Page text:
Family Law

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Family Law

Canterbury Law Group’s lawyers handle all types of Phoenix and Scottsdale Family Law matters including divorce, child custody, paternity, prenuptial agreements, spousal maintenance, decree enforcement, child relocation, father’s rights, and mother’s rights, and grandparents’ rights.

Family law is a complex legal area requiring measured and detailed strategy and execution, and the courtroom is ultimately where many significant and life changing decisions are made. Our dedicated Scottsdale divorce lawyers will ensure thorough preparation for every public hearing appearance all the way through trial. Your divorce lawyer, like you, will know the facts, the law and position you to achieve the highest degree of success the law allows.

 

Scottsdale Divorce Attorneys

 

Divorce

Whether you are considering filing for divorce or you’ve already been served with a divorce petition, it is critical to speak with an attorney immediately to assess your legal rights and take the necessary steps to protect them. Delay may result in limiting your options.Every situation is unique and our attorneys are well equipped to provide you with the tools to make the best decision that suits your particular situation.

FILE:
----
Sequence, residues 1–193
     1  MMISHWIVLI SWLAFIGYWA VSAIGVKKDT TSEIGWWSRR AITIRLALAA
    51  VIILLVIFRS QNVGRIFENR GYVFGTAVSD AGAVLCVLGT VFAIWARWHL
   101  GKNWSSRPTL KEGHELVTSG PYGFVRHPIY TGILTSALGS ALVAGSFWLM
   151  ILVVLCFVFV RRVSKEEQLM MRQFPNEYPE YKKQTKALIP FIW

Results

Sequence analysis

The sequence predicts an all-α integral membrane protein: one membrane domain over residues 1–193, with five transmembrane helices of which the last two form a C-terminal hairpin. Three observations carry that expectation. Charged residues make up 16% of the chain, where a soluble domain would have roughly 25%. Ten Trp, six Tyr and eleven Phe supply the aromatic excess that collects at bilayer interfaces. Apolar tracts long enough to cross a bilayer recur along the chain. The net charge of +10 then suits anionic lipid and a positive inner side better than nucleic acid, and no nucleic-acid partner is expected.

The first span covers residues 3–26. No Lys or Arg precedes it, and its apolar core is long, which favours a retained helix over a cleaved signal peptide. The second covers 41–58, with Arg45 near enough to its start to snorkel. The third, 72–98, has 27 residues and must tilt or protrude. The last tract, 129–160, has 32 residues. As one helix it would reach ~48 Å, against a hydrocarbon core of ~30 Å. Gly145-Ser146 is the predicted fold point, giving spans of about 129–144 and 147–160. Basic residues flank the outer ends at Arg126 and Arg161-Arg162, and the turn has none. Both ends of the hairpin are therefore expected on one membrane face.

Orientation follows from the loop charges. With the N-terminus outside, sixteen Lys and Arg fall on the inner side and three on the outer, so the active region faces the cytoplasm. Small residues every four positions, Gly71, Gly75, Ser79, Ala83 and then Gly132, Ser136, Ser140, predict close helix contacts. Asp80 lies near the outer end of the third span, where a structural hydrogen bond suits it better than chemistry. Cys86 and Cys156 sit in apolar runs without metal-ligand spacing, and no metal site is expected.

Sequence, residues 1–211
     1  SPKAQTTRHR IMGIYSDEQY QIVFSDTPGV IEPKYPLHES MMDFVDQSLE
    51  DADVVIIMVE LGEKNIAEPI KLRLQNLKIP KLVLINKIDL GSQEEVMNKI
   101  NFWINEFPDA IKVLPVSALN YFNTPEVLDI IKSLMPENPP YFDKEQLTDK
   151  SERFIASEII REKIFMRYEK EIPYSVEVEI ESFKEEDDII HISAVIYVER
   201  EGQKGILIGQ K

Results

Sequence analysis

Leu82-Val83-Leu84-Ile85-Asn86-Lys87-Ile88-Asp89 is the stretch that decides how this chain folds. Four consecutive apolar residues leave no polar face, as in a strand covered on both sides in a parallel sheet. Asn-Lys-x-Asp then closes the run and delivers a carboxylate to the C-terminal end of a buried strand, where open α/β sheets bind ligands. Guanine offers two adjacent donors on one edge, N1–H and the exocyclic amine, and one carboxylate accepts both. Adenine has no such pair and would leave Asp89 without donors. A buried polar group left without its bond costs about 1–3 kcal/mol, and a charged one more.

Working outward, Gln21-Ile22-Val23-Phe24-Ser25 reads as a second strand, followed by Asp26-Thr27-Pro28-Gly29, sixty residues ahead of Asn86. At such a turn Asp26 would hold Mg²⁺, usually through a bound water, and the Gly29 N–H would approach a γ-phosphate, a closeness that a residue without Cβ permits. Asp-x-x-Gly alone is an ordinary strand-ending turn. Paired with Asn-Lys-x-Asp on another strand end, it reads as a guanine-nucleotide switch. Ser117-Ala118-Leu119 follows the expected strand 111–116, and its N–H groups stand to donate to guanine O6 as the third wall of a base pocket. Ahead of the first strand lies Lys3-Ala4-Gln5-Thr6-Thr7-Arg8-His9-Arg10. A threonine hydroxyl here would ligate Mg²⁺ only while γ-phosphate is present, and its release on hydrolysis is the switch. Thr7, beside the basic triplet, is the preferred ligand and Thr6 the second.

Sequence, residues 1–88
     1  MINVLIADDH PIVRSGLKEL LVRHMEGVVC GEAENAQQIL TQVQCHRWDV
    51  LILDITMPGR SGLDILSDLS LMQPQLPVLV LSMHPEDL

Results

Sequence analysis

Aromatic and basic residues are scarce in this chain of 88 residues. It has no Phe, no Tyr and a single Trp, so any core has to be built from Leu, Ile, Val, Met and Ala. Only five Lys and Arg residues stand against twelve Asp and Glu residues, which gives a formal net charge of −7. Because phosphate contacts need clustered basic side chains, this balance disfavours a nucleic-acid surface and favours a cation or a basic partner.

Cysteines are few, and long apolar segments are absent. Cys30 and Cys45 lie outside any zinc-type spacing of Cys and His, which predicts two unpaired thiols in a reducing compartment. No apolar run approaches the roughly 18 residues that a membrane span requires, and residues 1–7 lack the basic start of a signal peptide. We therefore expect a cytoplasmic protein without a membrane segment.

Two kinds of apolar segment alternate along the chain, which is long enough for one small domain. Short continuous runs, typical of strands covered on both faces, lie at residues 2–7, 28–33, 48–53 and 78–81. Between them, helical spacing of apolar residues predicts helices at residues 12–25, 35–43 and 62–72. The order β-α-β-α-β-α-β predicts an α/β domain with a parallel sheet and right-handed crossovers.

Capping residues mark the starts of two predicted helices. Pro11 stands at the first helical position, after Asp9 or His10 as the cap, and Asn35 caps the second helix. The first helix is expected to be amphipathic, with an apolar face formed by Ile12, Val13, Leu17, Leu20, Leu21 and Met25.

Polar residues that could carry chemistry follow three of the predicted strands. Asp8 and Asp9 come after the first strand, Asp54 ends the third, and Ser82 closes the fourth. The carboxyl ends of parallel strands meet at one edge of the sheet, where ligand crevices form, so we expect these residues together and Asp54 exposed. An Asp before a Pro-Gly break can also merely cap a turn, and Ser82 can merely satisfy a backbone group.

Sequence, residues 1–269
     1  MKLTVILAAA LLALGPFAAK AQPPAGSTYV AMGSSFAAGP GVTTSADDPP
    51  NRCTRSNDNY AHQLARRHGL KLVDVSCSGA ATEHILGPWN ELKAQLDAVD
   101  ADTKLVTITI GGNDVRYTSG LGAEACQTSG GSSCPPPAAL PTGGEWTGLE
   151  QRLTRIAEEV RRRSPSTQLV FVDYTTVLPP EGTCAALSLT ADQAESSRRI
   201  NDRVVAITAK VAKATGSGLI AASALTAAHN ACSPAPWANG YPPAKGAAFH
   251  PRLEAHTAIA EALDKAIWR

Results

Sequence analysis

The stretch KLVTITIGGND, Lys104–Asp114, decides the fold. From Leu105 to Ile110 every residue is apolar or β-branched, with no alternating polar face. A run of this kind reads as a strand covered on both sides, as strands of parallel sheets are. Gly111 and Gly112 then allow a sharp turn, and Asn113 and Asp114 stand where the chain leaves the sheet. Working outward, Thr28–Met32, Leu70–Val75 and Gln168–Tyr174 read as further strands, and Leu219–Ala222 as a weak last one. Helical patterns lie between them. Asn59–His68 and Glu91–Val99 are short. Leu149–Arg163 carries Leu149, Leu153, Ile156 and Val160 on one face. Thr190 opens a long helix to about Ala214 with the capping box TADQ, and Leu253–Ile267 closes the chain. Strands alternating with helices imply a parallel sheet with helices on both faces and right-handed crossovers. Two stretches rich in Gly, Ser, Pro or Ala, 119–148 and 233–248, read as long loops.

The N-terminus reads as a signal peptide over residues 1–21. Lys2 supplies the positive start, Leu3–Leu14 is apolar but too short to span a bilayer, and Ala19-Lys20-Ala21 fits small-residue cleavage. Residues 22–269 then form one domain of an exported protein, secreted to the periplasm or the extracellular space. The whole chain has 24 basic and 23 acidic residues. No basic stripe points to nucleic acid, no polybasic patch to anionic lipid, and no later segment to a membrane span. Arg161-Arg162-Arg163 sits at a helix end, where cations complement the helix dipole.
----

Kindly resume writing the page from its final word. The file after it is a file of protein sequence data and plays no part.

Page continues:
Father’s rights

Our attorneys are experienced in helping fathers get fair and equitable treatment by the courts in Phoenix, Scottsdale and Arizona. Indeed, recent changes to Arizona law mandate that the court treat both mothers and fathers equally in the eyes of the law. If a man fears that his wife may leave and take the children, it is his obligation to ensure he takes steps needed to protect his role as the father. That may mean consulting an attorney before his wife has the opportunity to file for a divorce. The family law attorneys at Canterbury Law Group in Scottsdale have significant expertise in father’s rights issues and can capably guide you.

 

Child Custody

An integral component of any divorce with children is a court enforceable joint parenting plan. Typically when parents cannot mutually agree on a child-rearing plan, the court will often establish a plan that both parents must follow concerning the children’s health and welfare. Arizona law requires that the best interest of the child be the lead consideration above any other.Moreover, Phoenix and Scottsdale, Arizona divorce court judges are commanded by statute to maximize the amount of parenting time for each parent.

 

This usually suggests an equal 50/50 parenting time protocol absent parental fitness issues (e.g. drug, alcohol, criminal history, domestic violence) being proven by the other parent. If your spouse is threatening to take 100% custody from you, absent your parental fitness being called into question, our attorneys will stop your spouse in his or her tracks and advocate fiercely to procure the 50% parenting time to which you maybe lawfully entitled.